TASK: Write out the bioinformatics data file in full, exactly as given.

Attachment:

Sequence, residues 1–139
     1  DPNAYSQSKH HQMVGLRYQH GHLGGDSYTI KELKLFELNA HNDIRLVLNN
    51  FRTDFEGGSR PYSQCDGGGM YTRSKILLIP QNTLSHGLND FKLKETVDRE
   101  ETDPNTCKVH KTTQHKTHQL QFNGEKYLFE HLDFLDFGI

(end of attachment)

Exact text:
Sequence, residues 1–139
     1  DPNAYSQSKH HQMVGLRYQH GHLGGDSYTI KELKLFELNA HNDIRLVLNN
    51  FRTDFEGGSR PYSQCDGGGM YTRSKILLIP QNTLSHGLND FKLKETVDRE
   101  ETDPNTCKVH KTTQHKTHQL QFNGEKYLFE HLDFLDFGI